Review Regentenkamer, 22 June 2003 the Hague, the Netherlands

Robert Rook Quartet
Robert Rook - piano, Ernst Glerum - bass, Dick Verbeeck - drums, Rob Armus - tenor saxophone

Jules Deelder (a famous Dutch poet) wrote a poem about what is jazz. He can now add two sentences:
Jazz is to write a review on Sunday:
Jazz is Robert Rook.

About six or seven years ago, Robert was active on the The Hague jazzpodia. Then you could already hear that this was a musician who definitely didn't see bebop as the alpha and omega of jazz. On 22 June he captured the jazz lovers with a concert that was the best of a year of jazz concerts in the Regentenkamer. He clearly put his mark on the other bandmembers and pushed them to great inventivity. Well known compositions like for example a Night in Tunesia were ripped apart, newly arranged, ending up having more power than the original tune. The Canadian tenor saxophonist Rob Armus, fond of the 'heavy tenor' thing, played with surprising turns, overtones en juicy swing. It was definitely not an evening of lyricism and fine melodic jazz.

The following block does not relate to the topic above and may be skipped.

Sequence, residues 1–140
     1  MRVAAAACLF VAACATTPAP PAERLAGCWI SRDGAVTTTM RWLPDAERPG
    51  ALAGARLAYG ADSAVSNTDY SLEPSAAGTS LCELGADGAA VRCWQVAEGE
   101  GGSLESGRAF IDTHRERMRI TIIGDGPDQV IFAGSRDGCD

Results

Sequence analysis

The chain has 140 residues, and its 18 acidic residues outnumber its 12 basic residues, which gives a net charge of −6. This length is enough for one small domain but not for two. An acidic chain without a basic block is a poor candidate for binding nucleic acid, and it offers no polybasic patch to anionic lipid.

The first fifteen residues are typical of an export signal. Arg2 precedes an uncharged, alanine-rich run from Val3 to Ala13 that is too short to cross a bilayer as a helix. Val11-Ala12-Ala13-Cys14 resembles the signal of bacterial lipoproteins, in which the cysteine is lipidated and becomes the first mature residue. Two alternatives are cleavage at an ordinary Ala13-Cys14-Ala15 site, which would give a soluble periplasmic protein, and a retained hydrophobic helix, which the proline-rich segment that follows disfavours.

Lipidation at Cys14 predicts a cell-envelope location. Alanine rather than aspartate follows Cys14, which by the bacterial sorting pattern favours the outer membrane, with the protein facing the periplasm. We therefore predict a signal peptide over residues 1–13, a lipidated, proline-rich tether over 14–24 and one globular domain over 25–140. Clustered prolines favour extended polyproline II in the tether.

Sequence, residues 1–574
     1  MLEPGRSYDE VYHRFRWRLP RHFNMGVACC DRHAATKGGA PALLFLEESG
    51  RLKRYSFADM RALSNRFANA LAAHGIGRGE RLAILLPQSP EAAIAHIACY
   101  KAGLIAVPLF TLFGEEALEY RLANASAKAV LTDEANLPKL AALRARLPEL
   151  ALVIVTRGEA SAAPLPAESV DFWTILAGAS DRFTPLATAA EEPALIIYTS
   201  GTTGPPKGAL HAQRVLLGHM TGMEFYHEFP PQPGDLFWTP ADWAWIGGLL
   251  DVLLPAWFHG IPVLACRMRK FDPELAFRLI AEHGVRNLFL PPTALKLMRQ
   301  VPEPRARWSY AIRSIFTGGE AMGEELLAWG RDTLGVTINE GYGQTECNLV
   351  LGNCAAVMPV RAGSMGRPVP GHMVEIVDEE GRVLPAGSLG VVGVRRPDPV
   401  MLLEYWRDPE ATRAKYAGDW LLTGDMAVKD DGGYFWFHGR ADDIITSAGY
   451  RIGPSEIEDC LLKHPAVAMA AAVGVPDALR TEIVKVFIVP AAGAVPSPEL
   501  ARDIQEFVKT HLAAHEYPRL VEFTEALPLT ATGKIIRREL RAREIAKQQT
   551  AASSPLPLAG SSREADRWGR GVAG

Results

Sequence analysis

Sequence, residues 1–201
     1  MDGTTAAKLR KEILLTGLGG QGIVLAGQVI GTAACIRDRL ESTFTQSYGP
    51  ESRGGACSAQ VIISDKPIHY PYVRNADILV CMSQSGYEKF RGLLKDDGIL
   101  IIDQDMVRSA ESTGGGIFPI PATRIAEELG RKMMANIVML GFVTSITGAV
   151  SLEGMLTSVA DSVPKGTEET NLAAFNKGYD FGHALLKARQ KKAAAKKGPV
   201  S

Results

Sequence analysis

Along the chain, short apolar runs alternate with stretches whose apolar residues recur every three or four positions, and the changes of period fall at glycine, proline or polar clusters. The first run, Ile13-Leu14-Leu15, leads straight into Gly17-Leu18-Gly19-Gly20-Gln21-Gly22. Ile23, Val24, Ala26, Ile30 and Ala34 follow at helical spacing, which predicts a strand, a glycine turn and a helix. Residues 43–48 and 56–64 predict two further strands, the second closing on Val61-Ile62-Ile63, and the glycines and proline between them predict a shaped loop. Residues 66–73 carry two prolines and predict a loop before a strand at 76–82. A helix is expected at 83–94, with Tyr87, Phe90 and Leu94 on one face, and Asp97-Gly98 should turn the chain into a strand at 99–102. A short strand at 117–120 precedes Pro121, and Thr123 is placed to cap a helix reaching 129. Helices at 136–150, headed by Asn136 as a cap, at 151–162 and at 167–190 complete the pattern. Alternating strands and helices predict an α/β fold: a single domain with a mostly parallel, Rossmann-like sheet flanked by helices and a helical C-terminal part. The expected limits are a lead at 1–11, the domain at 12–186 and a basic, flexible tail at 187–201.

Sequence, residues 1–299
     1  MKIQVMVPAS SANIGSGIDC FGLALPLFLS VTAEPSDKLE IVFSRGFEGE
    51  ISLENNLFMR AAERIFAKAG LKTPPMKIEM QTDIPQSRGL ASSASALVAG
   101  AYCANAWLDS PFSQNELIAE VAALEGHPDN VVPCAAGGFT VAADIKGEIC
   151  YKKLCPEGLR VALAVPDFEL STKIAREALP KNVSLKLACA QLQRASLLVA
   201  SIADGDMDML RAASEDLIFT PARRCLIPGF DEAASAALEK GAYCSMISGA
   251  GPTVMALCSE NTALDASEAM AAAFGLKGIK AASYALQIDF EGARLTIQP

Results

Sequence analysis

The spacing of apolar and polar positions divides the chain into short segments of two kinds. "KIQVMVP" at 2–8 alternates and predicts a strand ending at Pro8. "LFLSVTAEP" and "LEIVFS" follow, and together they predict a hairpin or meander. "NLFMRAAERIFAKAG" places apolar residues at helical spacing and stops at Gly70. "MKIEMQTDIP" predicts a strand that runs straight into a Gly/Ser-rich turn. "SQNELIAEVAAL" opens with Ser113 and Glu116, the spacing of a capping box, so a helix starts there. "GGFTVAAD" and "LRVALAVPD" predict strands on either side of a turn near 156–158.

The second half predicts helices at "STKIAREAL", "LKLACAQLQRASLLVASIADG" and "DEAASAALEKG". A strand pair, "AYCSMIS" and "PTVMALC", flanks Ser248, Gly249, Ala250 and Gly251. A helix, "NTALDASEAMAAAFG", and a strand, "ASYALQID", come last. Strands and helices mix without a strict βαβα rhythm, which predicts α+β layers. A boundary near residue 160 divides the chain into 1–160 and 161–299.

So the Regentenkamer is a bit of a jazz temple of Rob van Kreeveld. In his composition, Girls of Thirteen, Robert Rook proved that also lyricism isn't strange territory for him, but that it doesn't have to sound soft en romantic. In this composition bass player Ernst Glerum excelled in an intro with a lot of fantasy.

The Robert Rook Quartet has to come back next season for the visitors who missed this top jazz of international level.

Huub van Dijk